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In three quick strokes, the Supreme Court has made things better. Though the recent rulings did not necessarily involve trolls, they will affect them. In eBay v. MercExchange, decided in May 2006, ­MercExchange sought an injunction shutting down much of eBay’s operations. Absent exceptional circumstances, courts used to presume that an injunction should be issued in any instance of patent infringement. But in this case, the Supremes instructed lower courts to apply what’s called a traditional test before entering injunctions. The test gives a trial court more discretion to deny injunctions, since the court must assess what is “fair.” Trolls can no longer count on getting injunctions, even if they win their cases.

In January 2007, the justices made it harder for trolls to wage licensing campaigns. Before, trolls could send letters to targeted companies, putting them on notice–and in so doing putting them at risk of being found “willful” infringers facing triple damages. Companies that wanted to remove that potential liability, however, could not themselves file suit to get a court to declare that they were not liable. Now, according to ­MedImmune v. Genentech, as interpreted by the Federal Circuit, a company receiving a letter referencing its activities and offering a patent license may file a lawsuit where it resides.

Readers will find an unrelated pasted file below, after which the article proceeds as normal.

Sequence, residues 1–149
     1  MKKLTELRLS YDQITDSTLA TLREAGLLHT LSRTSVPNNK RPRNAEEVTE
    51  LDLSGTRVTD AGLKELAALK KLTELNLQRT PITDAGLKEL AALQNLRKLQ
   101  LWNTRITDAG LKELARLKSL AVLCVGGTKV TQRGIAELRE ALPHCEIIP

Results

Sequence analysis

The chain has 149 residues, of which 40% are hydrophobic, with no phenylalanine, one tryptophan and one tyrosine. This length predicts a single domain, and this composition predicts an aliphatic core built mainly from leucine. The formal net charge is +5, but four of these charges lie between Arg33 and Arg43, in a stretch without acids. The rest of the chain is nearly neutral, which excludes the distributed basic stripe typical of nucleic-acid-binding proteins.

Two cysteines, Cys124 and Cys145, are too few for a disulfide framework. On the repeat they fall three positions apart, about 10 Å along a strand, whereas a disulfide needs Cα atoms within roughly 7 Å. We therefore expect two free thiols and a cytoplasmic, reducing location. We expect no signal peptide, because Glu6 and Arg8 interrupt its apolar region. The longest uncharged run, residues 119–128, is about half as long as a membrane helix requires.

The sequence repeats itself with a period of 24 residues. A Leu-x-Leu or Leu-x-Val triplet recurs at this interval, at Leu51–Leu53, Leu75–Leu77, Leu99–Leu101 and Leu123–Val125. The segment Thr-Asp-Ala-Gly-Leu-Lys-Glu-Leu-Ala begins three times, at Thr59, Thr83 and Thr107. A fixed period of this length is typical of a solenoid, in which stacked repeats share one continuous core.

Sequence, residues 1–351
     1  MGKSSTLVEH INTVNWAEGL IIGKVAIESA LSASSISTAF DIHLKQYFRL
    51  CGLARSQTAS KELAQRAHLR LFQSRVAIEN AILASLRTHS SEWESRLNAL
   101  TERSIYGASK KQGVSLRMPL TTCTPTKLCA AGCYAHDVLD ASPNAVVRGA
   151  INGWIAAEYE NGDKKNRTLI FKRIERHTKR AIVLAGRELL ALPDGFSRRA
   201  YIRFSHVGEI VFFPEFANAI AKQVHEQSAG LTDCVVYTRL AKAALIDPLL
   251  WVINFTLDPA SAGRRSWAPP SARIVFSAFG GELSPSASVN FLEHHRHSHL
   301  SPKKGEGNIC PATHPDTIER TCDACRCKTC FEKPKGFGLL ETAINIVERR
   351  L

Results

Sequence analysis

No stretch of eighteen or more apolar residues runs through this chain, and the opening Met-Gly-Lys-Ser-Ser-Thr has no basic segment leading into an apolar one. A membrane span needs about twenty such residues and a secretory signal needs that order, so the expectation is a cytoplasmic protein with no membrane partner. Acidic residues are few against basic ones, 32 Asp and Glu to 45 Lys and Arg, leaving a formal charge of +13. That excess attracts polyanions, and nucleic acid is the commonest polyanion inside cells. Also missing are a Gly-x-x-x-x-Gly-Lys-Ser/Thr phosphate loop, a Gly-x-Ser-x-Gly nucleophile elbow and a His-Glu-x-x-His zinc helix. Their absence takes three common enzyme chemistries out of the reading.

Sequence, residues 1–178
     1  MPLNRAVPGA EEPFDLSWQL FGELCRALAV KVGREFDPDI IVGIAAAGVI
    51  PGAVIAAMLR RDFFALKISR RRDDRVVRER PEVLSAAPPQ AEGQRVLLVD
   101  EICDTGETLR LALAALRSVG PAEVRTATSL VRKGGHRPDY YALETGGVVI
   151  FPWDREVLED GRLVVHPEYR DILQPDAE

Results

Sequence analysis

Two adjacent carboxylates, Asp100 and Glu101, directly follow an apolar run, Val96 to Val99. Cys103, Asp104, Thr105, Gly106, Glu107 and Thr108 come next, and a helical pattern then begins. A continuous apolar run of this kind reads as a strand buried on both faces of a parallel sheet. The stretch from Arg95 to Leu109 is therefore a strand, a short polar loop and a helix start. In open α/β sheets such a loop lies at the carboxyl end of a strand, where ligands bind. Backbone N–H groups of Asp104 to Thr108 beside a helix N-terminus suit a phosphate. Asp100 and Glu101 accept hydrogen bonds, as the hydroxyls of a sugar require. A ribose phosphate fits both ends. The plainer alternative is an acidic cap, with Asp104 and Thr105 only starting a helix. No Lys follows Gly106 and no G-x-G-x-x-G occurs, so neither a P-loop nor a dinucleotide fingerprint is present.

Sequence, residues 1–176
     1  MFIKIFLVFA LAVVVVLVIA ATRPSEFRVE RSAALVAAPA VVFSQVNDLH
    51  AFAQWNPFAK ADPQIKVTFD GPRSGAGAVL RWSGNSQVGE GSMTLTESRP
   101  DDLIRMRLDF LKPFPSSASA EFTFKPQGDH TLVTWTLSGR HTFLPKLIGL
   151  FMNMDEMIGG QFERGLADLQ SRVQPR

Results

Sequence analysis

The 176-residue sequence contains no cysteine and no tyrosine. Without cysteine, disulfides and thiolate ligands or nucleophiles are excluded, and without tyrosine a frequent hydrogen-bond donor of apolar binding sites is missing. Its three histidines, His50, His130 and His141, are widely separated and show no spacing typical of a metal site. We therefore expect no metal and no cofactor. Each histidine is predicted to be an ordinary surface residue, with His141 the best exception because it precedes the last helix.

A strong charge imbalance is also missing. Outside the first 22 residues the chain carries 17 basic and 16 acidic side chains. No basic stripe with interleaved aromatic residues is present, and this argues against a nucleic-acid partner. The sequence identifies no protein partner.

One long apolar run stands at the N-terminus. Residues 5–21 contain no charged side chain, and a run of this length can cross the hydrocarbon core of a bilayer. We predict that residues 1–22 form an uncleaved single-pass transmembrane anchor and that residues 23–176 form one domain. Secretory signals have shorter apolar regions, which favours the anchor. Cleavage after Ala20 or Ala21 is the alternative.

And in April, in KSR International v. Teleflex, the Supreme Court made it easier to find that a patent should not have been issued in the first place, or that it should be declared invalid once sued upon. In KSR, the patentee claimed a patent on the combination of a gas-pedal accelerator and a sensor. The Court found the combination obvious and the patent consequently invalid. The Supremes have reëmphasized that “obvious” inventions are not entitled to patent protection. District-court judges may now use common sense to determine whether a patent for a combination of existing technologies merits protection.

My most cynical Berkeley law professor liked to point out the flaws in the professed values of any legal system. But he once made the enlightened observation that “there is a universal abhorring of waste.” It offends everyone’s sense of justice when sham plaintiffs shake down hapless victims on meritless claims. We need to cut back on patents that should never have been issued. Injunctions should be used sparingly. Ancient notions of natural law gave rise to equal protection, and forum shopping (filing suits in favorable jurisdictions) threatens that. With its recent decisions, the Supreme Court has put patent law on a sounder footing, to the benefit of us all.

Scott Feldmann is a partner in the Irvine, CA, office of the law firm Crowell and Moring.

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